If I were a betting man -- and, heaven knows, I'm gambling every morning that I wake up hoping that something good happens before midnight -- I would take a large chunk of savings and wager on the semipro athlete-scholars representing the University of Southern California on the football field every Saturday.
It pains me to say this -- because my father went to UCLA and taught me that USC stands for the University of Spoiled Children -- but Pete Carroll's team is just too remarkably, relentlessly and ridiculously good. Each week, the other guys are overpowered.
It's like watching Kramer dominating those 9-year-olds in karate on that "Seinfeld" episode.
On Saturday, USC beat Arizona, 42-21, for its 27th straight victory, amassing 39 first downs and 724 yards of offense. In five games this season, USC has not scored less than 38 points.
But more than just beating down the opposition, USC keeps beating the point spread -- big point spreads that would choke a horse but not a Trojan.
(Before I give you USC's against-the-spread credentials, let me give you mine. I have not made a sports bet since August 1984, when I wagered on one baseball game every day for a week, doubling my bet each time -- and lost every single game. This left me -- how shall I say? -- "financially crippled" at week's end.)
(Then, for 12 years I wrote an NFL picks column. Many people assumed I was betting on those games; rather, I flipped a coin on every one to make my selections against the point spread. It was the smartest decision I ever made: I had resolved that a random coin could outperform me. And I was right -- I even use the coin now for professional, shopping and marital decisions.)
(By the way, before I get back to celebrating the Trojans, let me just say that I am tired of hearing about USC's bid for a "three-peat," or "three-Pete." The BCS has decided the national champion since 1998, and USC did not win the BCS title in 2003; the Trojans were No. 1 in the coaches' and media polls. So, at best, USC was a split national champion; thus, at best, the Trojans are going for a "two-and-a-half-peat.")
Your best shot of beating the Trojans is if you catch them on a week in which Heisman quarterback Matt Leinart has a tough midterm in his ballroom dancing class.
Last year I made the mistake of stumbling upon USC's games against Stanford and Cal. At halftime, Stanford and Cal were ahead. At halftime, the announcers kept talking about Stanford's and Cal's stellar play. At halftime, I decided to crack open a perky pinot grigio and watch Southern Cal go down good and hard.
USC has gotten so cocky, some of its starters are still in study hall until early in the third quarter.
You can never feel good rooting -- or betting -- against USC. The Trojans typically struggle in the first half, and you start to feel comfortable. Then you wander into the kitchen to get some Pringles, and before the tube is even open, USC has scored 17 points and is driving again. Suddenly, you've lost your taste for Pringles.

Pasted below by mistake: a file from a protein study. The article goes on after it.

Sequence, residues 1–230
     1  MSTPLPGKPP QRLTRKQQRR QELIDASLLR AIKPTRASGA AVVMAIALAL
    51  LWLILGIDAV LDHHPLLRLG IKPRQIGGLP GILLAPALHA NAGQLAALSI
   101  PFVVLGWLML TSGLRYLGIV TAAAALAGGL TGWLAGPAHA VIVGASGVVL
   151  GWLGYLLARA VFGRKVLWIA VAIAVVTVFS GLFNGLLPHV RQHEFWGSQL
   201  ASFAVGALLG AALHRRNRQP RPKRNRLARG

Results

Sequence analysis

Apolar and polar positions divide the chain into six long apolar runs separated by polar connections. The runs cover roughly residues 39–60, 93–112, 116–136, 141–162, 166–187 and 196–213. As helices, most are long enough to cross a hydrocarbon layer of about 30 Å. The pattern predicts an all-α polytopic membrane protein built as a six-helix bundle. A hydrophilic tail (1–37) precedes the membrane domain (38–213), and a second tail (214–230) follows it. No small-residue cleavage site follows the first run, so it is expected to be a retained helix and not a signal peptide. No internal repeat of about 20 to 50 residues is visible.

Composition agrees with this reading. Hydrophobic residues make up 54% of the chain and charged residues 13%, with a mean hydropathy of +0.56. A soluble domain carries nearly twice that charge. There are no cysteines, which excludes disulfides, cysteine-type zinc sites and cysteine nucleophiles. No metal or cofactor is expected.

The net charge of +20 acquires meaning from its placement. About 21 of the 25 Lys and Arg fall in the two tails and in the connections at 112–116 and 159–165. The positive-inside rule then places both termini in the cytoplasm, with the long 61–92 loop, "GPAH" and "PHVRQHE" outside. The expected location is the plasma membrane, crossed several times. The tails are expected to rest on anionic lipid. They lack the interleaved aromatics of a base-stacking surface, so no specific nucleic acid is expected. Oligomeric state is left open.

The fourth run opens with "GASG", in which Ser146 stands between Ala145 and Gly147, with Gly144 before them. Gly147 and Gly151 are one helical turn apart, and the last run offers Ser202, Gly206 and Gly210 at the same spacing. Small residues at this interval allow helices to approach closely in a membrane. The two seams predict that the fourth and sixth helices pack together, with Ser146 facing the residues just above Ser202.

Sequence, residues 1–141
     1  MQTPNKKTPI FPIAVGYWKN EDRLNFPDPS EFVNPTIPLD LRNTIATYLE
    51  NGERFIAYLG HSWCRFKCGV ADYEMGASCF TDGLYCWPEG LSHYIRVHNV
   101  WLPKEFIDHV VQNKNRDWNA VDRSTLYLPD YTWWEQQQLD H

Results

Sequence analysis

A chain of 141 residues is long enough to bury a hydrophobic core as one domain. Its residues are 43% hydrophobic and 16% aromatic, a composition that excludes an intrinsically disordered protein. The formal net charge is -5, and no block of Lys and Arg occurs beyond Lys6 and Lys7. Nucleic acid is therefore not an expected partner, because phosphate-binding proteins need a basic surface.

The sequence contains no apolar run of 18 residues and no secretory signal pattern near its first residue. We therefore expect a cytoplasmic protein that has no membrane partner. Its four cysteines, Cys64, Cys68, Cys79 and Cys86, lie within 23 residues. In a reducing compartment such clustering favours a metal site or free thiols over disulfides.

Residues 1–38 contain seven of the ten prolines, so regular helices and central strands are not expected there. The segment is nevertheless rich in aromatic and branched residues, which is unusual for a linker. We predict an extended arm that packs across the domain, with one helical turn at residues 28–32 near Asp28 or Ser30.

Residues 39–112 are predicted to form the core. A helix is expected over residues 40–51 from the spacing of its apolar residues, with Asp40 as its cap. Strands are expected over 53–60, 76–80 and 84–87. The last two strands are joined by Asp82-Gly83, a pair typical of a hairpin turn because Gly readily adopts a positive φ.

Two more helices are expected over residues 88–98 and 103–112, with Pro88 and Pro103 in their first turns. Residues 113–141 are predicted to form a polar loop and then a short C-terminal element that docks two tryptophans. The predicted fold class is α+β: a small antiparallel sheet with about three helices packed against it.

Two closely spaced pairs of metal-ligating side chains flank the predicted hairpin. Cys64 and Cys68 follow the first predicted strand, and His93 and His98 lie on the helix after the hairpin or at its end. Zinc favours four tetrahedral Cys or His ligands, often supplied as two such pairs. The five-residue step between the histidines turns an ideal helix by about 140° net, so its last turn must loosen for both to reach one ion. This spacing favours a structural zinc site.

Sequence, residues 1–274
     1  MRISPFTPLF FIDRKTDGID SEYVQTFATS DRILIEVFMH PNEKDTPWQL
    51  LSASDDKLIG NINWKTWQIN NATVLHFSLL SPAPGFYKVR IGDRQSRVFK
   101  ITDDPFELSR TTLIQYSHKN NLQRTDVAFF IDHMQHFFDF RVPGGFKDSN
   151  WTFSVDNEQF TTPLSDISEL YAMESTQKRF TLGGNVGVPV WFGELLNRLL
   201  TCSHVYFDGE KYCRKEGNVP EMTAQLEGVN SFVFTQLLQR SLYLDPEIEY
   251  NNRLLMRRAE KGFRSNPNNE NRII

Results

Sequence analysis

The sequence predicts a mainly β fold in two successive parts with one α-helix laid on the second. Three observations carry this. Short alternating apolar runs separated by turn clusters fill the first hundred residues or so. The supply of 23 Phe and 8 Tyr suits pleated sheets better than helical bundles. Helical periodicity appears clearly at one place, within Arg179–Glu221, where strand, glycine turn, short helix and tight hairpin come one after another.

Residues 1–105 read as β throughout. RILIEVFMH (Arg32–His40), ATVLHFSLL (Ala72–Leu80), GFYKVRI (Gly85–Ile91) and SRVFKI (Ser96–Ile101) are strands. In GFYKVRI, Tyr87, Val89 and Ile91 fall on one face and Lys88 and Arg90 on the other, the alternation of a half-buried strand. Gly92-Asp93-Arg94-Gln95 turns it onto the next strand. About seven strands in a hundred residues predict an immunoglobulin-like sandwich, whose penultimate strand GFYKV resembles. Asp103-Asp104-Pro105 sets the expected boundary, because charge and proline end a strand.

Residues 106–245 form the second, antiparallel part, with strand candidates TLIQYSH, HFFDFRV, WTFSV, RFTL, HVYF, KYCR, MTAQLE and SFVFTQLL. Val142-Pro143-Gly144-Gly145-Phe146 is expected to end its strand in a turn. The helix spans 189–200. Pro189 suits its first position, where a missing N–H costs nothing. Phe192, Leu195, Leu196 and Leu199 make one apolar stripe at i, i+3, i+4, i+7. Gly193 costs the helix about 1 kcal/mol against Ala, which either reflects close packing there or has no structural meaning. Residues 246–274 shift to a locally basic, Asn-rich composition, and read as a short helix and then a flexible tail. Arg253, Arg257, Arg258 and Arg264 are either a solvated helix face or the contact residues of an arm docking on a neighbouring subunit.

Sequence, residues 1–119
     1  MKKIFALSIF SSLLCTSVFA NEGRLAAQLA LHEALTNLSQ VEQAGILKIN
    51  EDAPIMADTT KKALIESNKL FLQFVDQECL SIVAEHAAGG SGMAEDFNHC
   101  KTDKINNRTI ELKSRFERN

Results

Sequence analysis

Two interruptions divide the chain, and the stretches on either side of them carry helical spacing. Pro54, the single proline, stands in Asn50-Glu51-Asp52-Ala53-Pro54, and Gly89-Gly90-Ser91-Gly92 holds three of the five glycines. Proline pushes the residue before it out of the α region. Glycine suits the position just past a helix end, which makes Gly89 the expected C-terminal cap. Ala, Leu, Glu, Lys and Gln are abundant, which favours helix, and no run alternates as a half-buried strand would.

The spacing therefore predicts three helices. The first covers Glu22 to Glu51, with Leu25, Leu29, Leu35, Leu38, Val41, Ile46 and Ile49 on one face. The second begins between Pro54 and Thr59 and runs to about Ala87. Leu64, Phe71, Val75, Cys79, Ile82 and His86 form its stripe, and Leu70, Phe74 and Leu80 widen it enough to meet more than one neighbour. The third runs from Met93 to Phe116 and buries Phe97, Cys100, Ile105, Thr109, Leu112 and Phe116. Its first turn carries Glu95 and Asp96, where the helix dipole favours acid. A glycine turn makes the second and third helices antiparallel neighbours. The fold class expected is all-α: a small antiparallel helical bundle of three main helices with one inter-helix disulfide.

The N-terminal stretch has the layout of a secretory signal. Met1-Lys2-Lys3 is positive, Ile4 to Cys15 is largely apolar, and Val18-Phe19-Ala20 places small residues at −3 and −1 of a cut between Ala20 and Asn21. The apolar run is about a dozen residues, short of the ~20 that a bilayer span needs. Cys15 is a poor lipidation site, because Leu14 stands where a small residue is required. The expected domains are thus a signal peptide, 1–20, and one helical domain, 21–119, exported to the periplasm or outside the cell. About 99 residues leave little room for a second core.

Let's say you bet on Oregon last month, getting 191/2 points at home against USC. And the Ducks go ahead 13-0 in the second quarter. Repeat: Oregon 13, USC 0. Final score: Oregon 13, USC 45.
Bye-bye layaway for that leather ottoman.
USC, in its three-year run of supremacy, has covered the point spread in 20 of 29 games.
Eight times in the last two seasons, the Trojans have covered spreads of 24 points or more. Last year, minus-37 against Washington, USC won, 38-0; minus-35 against Arizona, USC won, 49-9. This season, minus-35 at Hawaii, USC won, 63-17; minus-29 against Arkansas, USC won 70-17.
You may recall in last season's BCS title game -- pick 'em versus Oklahoma -- USC won by, uh, 55-19 or thereabouts.
At this point, if I were a betting man, I would have to take USC minus 231/2 against a UFO.
Of course, when USC plays Notre Dame on Saturday in South Bend, I'm taking the Irish and the points.
Ask The Slouch
Q. So where were you for the NHL's opening night this season? (Pat Kirby; Rock Hill, S.C.)
A. Like most of Los Angeles -- which registered a 0.0 rating for OLN's first hockey telecast -- I was watching the sun set over the haze in Malibu while waiting for Shannon Elizabeth to call me back.
Q. Does anyone get five good minutes with Tony Kornheiser outside of a television studio? (Jeff Rapaport; Chicago)
A. They may not be "good minutes," but his therapist gets 50 of 'em every Tuesday and Friday.
Q. What does an NFL quality control coach do? (Mike Leon; McHenry, Ill.)
A. In Baltimore, he follows the head coach around and says, "That sounds pretty smart, Mr. Billick."
Q. Isn't ESPN's weekly airing of a new "ULTIMATE Highlight" the same as your vowing "till death do you part" every 5-10 years? (Jerry O'Brien; Irwin, Pa.)
A. Shirley, pay Mr. Smarty Pants.
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